A few weekends ago we made our floor a tone more solid by reinforcing it with another layer of plywood. That fixed the depressions as well as the noise from dropping weights. We also added a soon to be painted wall for handstand push-ups and wall ball shots. Thanks to Greg Hanshaw, Chris Norton, Dimitri Merrill, Mike Delsart, Joe Lawton, Chris White, Todd Rector, and everyone else who helped us improve our gym.
Monday, November 29, 2010
Our last stop for CrossFit was in Utah at CrossFit Ogden. This was a partner workout of burpees, push-ups, pull-ups, double unders, and KB swings. The gym shared space with a rock climbing gym. The big windows surrounding the gym created an open and bright, but cold atmosphere. Great workout and a great way to end our road trip to the Northwest.
Our next stop was at CrossFit Advantage in North Seattle. Teresa's sister Melynda goes to CFA on a semi regular basis. Today we were invited to do a "cool people only" workout at the gym. This was a team workout that consisted of an indoor and and outdoor component. In the outdoor part we had to take three rides down the hill on a sled. Teammates must push, pull, or drag you to the top. This was our first ever sledding WOD.
Today was our first CrossFit workout on the road. We had a very warm welcome at CrossFit Hood River in Oregon on a rainy day. It was great to run at low elevation after doing so many workouts above 8,000 ft. Cardiovascular endurance recovery was extremely fast, a ten second rest would give us almost 100% recovery.
Saturday, November 27, 2010
Saturday, November 20, 2010
Today in CrossFit we played like kids for two hours. We warmed up with gymnastics rolls, cartwheels, handstands, round offs, and dive rolls. Then we learned the basics of parkour in skills such as vault and precision jumps. In the end we all participated in a multi feature obstacle course in which athletes had to jump, swing, vault, balance and flip over gym equipment. I had a blast running this course and hope you did too.
Here is our schedule for the week of Thanksgiving
Monday 7:00am and 5:45pm
Tuesday 7:00am and 5:45pm
Wednesday 7:00am (we may do a 5:45 if we have enough interest)
Also, we will add another class in the evening starting the week of November 29. We will cut the 5:45pm class and add a class at 5:15pm and 6:15pm.
Thanks and have a great Thanksgiving. See you when we return from the Northwest.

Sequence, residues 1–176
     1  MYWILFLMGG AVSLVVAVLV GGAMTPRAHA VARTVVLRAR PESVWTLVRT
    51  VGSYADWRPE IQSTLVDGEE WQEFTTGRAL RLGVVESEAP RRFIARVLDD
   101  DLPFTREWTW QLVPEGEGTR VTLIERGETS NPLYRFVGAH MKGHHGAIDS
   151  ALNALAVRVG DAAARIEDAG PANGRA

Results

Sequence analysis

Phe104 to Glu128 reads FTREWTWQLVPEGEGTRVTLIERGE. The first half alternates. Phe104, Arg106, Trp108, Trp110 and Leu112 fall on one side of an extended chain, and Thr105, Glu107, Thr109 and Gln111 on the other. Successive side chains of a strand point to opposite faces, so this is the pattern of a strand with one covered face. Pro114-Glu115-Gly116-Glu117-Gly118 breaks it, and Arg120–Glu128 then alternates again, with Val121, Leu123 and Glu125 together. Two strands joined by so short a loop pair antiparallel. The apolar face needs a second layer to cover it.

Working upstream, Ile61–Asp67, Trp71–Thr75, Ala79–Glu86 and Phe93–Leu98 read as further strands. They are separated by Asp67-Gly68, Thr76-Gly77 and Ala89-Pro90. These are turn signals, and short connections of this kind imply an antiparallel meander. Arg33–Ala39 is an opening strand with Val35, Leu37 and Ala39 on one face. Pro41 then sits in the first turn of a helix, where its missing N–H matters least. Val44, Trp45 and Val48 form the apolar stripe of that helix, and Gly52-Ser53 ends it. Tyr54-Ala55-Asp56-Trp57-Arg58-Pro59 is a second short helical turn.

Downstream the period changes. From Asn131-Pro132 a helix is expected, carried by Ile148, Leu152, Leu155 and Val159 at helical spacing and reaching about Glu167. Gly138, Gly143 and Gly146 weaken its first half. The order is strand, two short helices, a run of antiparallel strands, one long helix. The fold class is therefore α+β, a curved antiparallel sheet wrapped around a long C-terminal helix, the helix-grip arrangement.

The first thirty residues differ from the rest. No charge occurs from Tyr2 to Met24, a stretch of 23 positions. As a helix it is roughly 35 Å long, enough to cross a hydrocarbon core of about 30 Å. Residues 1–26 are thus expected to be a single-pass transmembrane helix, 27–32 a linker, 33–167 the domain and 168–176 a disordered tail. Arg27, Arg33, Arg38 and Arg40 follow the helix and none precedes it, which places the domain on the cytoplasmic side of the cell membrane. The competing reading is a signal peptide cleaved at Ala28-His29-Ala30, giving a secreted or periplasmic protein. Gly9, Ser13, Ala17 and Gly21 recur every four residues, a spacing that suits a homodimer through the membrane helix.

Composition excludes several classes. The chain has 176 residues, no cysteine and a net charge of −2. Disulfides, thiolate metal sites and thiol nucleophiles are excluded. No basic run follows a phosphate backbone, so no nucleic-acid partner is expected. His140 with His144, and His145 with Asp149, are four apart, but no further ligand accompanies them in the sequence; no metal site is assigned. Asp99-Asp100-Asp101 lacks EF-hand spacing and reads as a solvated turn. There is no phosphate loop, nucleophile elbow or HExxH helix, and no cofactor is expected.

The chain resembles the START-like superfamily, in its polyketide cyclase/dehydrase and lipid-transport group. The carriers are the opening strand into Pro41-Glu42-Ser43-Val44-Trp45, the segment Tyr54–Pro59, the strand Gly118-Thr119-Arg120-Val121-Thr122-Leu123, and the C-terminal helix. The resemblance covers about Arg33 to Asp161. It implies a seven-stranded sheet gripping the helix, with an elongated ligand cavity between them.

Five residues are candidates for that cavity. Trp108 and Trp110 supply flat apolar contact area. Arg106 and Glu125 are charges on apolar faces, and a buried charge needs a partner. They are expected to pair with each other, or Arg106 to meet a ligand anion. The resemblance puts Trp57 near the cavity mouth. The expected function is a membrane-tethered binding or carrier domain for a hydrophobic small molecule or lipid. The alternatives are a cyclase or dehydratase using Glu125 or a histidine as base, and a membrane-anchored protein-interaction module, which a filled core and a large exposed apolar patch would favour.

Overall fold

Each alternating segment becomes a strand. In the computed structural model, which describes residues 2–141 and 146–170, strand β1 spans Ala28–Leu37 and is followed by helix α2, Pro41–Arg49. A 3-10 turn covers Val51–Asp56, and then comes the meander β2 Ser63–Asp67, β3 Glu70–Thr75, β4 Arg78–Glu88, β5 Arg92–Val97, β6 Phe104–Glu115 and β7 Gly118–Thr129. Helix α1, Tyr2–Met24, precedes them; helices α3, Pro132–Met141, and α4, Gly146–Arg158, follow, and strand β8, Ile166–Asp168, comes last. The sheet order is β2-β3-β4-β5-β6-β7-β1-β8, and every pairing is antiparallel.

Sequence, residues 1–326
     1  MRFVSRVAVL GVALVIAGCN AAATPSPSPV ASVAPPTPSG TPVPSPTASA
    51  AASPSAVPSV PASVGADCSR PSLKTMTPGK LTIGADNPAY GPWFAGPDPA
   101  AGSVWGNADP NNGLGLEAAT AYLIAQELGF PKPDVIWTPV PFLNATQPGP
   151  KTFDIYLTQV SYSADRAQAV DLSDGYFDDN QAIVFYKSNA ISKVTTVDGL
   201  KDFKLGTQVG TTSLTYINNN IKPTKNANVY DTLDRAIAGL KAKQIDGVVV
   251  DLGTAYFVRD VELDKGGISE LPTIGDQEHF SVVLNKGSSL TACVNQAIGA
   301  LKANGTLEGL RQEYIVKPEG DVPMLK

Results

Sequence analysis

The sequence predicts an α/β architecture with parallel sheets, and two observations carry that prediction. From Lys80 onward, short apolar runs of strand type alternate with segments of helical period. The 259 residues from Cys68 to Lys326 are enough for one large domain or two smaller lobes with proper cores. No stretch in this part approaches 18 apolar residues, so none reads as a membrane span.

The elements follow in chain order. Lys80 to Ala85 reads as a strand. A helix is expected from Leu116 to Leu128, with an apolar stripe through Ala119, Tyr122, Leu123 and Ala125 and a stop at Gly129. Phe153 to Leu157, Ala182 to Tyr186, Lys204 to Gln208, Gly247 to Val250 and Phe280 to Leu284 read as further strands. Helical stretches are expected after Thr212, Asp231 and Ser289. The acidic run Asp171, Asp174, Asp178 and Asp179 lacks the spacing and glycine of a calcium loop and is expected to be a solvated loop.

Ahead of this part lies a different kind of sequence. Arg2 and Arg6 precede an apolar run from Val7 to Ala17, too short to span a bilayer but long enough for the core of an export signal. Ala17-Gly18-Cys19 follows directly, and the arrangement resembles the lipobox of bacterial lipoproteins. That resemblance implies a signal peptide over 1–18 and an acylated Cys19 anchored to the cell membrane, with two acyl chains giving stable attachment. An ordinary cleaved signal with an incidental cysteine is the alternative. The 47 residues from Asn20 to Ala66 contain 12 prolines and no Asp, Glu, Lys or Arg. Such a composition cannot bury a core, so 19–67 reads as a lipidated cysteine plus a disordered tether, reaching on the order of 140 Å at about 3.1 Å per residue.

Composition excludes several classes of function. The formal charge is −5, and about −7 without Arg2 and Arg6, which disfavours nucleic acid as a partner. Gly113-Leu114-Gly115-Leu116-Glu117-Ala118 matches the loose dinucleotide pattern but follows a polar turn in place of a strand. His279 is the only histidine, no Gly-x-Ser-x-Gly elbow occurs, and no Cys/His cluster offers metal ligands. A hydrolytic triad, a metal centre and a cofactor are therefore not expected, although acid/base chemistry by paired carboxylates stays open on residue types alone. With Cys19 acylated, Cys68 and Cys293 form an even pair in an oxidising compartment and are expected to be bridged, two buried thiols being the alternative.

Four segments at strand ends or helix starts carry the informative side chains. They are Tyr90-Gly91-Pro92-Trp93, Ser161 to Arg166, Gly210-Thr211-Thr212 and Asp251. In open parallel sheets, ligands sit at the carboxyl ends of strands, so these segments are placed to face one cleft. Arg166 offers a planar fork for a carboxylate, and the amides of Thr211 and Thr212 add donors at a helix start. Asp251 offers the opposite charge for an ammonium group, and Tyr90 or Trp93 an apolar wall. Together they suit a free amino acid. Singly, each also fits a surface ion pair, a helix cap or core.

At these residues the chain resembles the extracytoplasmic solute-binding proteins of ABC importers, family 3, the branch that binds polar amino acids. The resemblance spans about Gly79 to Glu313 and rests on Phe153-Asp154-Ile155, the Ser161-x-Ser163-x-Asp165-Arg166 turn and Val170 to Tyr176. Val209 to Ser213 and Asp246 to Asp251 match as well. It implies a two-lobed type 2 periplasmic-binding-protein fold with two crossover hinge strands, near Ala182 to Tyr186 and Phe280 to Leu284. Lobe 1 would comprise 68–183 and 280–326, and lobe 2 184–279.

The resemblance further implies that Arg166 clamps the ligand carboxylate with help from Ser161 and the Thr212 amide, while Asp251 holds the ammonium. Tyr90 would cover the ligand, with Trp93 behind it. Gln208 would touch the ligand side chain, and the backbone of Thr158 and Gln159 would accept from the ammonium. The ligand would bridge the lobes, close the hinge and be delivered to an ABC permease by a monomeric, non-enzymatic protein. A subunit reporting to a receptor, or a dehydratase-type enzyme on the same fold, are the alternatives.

Friday, November 19, 2010
Last Wednesday we ate some great paleo food with friends at Dan and Sue Hehir's place in Ophir. This was quite possibly the best tasting pot luck we have ever thrown together. As the evening progressed the food just got better and better. We feasted on coconut shrimp, spicy green chili soup, chicken curry, and elk. Thanks for making the trek to snowy Ophir for this unforgettable food experience.
Intensity vs. Technique
Should I be striving for my PR or perfect form?
The answer is yes.
I would say this is one of the most common questions we receive as coaches and the answer can be complicated with opinions on either side.
For this example let’s use the benchmark Elizabeth:
21 – 15 – 9 reps of 135 lbs clean and ring dips.
21 reps – You have just begun the workout and you should have perfect technique. You will be fresh, so the reps will not be difficult and intensity will also be high.
15 reps – Fatigue is starting to set in and reps are becoming more difficult. This is where a balance of intensity and technique becomes most important. When you begin to focus too much on your technique, the reps will becoming more laborious and take longer; you’re not being efficient. Likewise if you disregard your technique and focus only on your intensity you will be wasting energy on an incorrect movement; again, you’re not being efficient. A marriage between the two produces the best results.
TECH = INTENSITY
9 reps – Technique is failing as you try to simply finishing the workout and your intensity level should be at its highest. This is where many will slow to return technique to perfection and this is incorrect. While we strive for form the ability to achieve your highest potential requires a reduction in the technical details. Failing at technical perfection on some reps lets you know that you are pushing your limits of intensity and technique.
INTENSITY > TECH
Still confused? Use this Level 1 certification metaphor based on three marksmen:
All marksmen fire five rounds at a target and are finished in three seconds.
#1 hits the bulls-eye all five times.